For more modest companies looking for capital market access, smaller bourses might make sense as well. “At the end of the day, London is expensive,” says one emerging-markets analyst based in London. “I’ve heard of some companies, from Zimbabwe actually, wanting to list on AIM but they have had to pull out because of the excessive fees associated with listing. It’s just not worth it for them.”
While London-based funds and investors search for business and investment opportunities in Africa, African countries increasingly look at how London can work for them. “There’s an element of the UK deploying ‘soft power’ to ensure a mutually beneficial financial relationship with Africa,” says Andrew Pilgrim, an associate partner at consultancy firm EY. “International knowledge-sharing, investment conferences and meetings between trade delegations that bring together experts in emerging-market finance, all help companies and markets on the African continent grow,” he says.
Initiatives abound. The LSE has partnerships with the stock exchanges in Lagos and Casablanca, and has launched its ELITE initiative, which provides business support and helps raise funds for fast-growing companies, in Kenya, Morocco and the countries of the Union Economique et Monétaire Ouest Africaine.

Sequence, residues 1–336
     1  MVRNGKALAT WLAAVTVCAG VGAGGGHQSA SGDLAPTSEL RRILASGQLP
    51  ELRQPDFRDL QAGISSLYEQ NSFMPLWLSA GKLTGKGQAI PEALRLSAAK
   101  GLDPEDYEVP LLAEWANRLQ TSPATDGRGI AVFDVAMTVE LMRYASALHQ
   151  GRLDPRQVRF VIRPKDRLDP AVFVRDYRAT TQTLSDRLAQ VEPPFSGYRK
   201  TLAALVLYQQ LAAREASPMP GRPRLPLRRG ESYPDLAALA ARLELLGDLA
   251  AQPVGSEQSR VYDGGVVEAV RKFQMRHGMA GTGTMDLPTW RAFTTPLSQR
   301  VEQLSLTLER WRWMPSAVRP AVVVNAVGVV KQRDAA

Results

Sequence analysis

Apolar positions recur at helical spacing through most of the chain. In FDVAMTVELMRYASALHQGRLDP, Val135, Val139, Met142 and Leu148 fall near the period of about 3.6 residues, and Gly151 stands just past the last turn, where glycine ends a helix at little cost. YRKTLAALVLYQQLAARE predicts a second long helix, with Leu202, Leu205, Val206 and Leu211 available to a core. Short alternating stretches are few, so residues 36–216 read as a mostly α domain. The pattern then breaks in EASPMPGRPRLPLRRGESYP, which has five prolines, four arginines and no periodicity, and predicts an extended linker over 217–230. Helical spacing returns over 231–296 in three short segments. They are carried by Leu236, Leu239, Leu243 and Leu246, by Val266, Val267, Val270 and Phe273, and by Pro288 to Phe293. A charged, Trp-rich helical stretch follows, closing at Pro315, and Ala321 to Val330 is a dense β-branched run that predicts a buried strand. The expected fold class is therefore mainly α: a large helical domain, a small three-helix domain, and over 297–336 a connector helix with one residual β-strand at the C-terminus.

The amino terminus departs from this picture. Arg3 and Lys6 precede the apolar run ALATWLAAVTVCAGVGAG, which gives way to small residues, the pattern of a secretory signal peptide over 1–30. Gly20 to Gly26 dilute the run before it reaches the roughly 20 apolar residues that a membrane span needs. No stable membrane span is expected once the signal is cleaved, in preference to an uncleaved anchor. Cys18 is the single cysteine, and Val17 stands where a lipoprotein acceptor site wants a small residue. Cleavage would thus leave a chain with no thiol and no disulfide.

Naira gains status
Meanwhile, the Bank of England and Britain’s Department for International Development have set up a new partnership to provide training and technical assistance to the central banks in Ghana, South Africa and Sierra Leone. And in February, the UK’s credit finance agency, UK Export Finance, added the naira to the list of accepted trade currencies, allowing transactions with Nigerian businesses in local currency.
“This has elevated the naira’s status to be a viable international trading currency and has meant that UK companies are willing to take on Nigerian currency risk,” says Fadzayi Musanhu, an Africa analyst at EY. “Hopefully more African currencies will be added to the list soon.”
The UK’s investment minister, Graham Stuart, is championing London’s role in supporting development and growth in Africa’s economies and capital markets. “London is the world leader in international finance and we want to continue to be the partner of choice for African companies looking to raise finance.”